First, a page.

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Example (Snowden attacks Russia rights curbs):

Pushed on Moscow's deteriorating human rights record, the whistleblower said the situation is "disappointing, it's frustrating" and described restrictions on the Internet as part of a wider problem in Russia.

What exactly does that mean?

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It means the reporter was asking/demanding him to say something about Russia's deteriorating human rights record.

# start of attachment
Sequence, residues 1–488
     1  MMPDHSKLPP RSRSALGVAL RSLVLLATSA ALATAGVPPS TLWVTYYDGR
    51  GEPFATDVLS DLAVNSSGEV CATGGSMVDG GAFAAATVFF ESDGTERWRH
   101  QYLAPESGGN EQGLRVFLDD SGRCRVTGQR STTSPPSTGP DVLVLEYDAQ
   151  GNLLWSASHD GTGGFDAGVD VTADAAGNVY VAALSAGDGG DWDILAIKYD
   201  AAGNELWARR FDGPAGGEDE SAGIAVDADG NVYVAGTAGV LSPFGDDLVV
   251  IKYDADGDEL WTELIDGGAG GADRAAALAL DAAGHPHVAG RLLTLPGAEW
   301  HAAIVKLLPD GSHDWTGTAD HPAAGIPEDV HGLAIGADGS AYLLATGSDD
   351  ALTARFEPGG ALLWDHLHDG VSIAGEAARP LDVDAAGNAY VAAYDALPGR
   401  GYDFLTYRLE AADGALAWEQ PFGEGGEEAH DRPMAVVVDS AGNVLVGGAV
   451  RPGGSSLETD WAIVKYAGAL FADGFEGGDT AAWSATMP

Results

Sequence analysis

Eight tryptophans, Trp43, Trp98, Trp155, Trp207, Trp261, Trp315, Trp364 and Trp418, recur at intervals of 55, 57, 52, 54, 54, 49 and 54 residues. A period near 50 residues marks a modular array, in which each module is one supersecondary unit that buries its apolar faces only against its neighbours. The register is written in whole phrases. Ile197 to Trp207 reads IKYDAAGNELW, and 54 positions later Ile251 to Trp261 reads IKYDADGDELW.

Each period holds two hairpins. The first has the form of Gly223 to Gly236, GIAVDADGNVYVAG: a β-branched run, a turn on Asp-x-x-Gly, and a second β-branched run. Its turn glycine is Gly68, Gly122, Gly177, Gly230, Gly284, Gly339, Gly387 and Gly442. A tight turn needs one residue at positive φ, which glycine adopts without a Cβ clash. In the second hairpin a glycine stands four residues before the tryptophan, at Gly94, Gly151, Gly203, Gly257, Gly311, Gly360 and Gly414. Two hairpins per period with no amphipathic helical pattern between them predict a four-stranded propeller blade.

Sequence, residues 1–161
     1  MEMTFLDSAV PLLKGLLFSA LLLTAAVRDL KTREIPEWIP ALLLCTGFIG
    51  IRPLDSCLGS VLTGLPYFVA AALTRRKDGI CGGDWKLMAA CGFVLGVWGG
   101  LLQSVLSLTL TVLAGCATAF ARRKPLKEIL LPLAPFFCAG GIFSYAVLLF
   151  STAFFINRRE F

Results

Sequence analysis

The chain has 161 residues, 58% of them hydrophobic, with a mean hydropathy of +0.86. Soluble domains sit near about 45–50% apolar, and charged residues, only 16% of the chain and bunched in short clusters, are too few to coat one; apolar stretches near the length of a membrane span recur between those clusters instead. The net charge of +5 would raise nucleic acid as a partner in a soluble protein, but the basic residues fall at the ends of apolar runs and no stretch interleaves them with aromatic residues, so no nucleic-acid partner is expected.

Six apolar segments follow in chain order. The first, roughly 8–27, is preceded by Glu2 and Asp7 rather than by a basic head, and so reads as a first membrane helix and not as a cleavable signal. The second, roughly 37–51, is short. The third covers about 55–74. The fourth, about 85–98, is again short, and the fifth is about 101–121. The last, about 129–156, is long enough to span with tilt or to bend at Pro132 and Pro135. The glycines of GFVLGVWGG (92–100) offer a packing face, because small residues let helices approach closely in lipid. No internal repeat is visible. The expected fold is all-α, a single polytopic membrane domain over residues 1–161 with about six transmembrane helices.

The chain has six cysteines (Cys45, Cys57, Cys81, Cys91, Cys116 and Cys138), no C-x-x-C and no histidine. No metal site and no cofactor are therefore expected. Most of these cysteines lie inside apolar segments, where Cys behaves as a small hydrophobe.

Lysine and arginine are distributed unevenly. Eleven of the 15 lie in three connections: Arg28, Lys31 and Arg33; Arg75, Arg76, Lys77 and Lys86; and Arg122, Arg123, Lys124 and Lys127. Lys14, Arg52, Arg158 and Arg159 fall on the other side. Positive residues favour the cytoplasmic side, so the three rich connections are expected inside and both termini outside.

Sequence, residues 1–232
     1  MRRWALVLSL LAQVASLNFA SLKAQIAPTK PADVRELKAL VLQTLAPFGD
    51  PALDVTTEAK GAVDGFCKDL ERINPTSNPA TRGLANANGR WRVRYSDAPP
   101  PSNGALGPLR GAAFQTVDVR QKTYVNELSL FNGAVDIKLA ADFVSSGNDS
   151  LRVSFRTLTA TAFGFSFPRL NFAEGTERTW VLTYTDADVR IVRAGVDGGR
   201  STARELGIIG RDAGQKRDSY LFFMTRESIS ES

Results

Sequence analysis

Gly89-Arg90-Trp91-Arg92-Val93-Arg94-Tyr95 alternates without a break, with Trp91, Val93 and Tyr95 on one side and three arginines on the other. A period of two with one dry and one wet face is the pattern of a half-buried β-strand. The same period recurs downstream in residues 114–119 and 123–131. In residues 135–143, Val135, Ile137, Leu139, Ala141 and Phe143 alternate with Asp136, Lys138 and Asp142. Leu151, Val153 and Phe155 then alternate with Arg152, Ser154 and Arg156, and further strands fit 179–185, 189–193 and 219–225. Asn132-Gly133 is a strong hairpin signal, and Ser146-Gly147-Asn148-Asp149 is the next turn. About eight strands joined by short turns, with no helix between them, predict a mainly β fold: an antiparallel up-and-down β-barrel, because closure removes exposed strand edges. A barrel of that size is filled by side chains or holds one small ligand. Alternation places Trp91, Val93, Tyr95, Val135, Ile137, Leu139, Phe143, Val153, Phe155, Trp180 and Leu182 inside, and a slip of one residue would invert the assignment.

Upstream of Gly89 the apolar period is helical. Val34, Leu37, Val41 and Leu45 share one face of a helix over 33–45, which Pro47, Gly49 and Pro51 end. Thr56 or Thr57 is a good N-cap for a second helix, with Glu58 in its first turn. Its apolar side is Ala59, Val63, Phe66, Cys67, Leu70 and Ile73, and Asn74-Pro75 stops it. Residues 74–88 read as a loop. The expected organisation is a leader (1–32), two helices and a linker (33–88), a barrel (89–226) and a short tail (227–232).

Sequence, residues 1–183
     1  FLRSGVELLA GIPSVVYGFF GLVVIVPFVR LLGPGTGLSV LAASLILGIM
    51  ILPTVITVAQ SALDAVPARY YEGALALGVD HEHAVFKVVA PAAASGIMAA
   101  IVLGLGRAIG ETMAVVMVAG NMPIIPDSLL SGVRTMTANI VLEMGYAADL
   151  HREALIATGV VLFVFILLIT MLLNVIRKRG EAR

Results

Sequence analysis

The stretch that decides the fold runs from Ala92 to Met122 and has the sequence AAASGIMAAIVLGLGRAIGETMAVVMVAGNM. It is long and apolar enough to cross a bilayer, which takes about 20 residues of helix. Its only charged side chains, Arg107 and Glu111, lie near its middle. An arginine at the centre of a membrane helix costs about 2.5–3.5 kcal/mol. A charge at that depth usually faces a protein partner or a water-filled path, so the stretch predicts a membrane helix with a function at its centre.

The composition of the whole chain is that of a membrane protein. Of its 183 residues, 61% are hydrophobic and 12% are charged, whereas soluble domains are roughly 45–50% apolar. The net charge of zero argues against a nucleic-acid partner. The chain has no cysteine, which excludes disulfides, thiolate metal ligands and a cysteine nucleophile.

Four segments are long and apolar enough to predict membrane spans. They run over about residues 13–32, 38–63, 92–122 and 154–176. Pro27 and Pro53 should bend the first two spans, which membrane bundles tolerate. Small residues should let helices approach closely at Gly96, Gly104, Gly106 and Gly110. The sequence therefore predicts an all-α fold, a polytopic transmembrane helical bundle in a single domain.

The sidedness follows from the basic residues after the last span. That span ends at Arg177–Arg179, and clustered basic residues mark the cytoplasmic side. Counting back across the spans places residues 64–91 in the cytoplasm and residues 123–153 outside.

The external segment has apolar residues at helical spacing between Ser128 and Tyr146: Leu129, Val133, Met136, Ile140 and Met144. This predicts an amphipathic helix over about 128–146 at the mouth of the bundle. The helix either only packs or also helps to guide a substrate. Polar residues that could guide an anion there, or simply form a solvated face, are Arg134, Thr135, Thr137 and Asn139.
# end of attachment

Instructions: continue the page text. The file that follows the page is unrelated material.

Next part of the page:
Normally you could use pushed on if the interviewee doesn't directly answer the question the first time, so you ask it again or another reporter asks it again. If it's just the first time asked, normally it'd be more appropriate to say "When asked on Moscow's deteriorating..."

Not sure exactly why pused on is used, but it may have something to do with physical motivation (threat). For example, lets say a bully is making fun of someone. You tell the bully to stop it and leave the guy alone. The bully keeps doing it, and then you push him a bit letting him know that you are serious, to leave the guy alone.

So it's just a way of saying the interview is dang serious about getting an answer to this question and doesn't want the interviewee to shrug it off or skirt around it.

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